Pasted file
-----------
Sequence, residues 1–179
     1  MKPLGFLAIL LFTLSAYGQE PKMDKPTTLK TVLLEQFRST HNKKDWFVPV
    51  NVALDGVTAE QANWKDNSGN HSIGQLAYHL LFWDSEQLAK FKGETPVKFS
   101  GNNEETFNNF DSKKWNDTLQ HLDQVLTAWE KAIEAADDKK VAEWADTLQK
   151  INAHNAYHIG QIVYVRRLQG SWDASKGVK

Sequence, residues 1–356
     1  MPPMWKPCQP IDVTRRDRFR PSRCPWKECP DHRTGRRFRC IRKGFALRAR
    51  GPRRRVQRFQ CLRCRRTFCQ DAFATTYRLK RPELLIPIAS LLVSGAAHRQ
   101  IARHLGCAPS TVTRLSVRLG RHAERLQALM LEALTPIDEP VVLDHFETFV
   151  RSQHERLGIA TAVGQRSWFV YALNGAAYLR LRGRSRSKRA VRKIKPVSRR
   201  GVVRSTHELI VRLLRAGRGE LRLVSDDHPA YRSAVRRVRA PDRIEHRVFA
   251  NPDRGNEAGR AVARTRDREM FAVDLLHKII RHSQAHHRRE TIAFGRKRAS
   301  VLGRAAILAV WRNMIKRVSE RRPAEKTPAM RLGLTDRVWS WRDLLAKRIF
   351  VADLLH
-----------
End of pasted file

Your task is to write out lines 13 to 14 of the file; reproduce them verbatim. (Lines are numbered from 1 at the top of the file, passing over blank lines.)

   301  VLGRAAILAV WRNMIKRVSE RRPAEKTPAM RLGLTDRVWS WRDLLAKRIF
   351  VADLLH